They spent the rest of their time trying to keep the non-English speaking contingent from paddling into dangerous cliffs or drifting into other tours. They were mildly successful.

When it came time to get in the water, we stopped at the Seven Caves and listened to the seals as their barks echoed around and through the rocks and water. And then, in we dove.

Hands held, we watched the tall underwater grass move like a field in the wind. Colorful fish flitted in every direction and we split to follow different schools. The leopard sharks were hard to see but they were accounted for and a beauty to watch.

About ten minutes later I felt a hand on my back. Mark was pointing to a seal floating in place about 2 feet away that I somehow hadn’t noticed.
We stayed like that for awhile. The water, nature and warm contact enveloped us and there was only unspoken joy.

It was one of the most romantic times either of us has experienced and it was all because he kept his word and faced his fears. He could have backed out. We both knew he could have, and we both knew he would not.

We got back into the kayak fairly easily from the water. I got in a lot easier but I am not 6’3 or 185 lbs. There’s a reason gymnasts are tiny.

We managed a good rhythm on the way back, and, when we arrived at the off-shore starting point, the guides explained how to ride the waves back into shore without tipping over. They made the tipping over thing sound really dramatic. I suspect it’s because they were bored with the whole touring bit by then, and just wanted to go surf already.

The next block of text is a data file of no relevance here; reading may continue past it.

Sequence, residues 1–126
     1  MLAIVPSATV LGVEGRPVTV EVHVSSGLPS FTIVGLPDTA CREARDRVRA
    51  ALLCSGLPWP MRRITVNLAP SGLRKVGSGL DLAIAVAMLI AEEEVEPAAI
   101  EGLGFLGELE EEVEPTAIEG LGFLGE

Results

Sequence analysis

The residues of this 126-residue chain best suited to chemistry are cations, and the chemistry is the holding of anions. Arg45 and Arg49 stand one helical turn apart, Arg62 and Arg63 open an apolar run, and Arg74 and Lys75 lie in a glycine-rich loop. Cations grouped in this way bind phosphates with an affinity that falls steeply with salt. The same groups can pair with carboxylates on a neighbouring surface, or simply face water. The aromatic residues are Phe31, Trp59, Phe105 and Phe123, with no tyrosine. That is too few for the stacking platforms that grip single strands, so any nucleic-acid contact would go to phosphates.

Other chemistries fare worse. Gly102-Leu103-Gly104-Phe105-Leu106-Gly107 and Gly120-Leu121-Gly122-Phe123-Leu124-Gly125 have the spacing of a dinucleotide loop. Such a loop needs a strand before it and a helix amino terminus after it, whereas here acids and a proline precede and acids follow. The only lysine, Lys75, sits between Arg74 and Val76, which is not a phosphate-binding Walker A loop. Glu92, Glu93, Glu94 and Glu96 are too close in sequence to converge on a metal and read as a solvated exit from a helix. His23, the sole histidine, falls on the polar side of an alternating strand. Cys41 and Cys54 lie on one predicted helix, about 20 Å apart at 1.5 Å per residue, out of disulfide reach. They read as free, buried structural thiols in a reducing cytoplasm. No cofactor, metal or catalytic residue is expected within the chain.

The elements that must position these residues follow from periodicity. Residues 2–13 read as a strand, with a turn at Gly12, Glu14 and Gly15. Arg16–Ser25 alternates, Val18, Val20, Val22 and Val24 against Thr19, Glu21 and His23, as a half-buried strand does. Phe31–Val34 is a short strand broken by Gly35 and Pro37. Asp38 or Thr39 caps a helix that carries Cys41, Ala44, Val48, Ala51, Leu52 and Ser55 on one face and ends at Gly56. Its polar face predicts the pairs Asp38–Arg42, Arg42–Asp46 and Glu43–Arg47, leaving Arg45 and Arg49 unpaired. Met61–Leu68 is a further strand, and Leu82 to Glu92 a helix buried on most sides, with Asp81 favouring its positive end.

Naturally, we tipped over on the way in. Mark tried to look at a fish and 185 lbs. tips a kayak easily when it’s leaning half-way over the edge. But it was warm at the shore and any excuse to get back in that water was a good one.

The tip was all talk. It was about as un-dramatic as you can get. After falling into gently rolling waves, we easily righted the lightweight boat while gently pushing it to shore. And then we immediately removed the helmets.

I now love kayaking.

And that’s how you get a shark-phobic spouse in shark infested water and have an amazing time.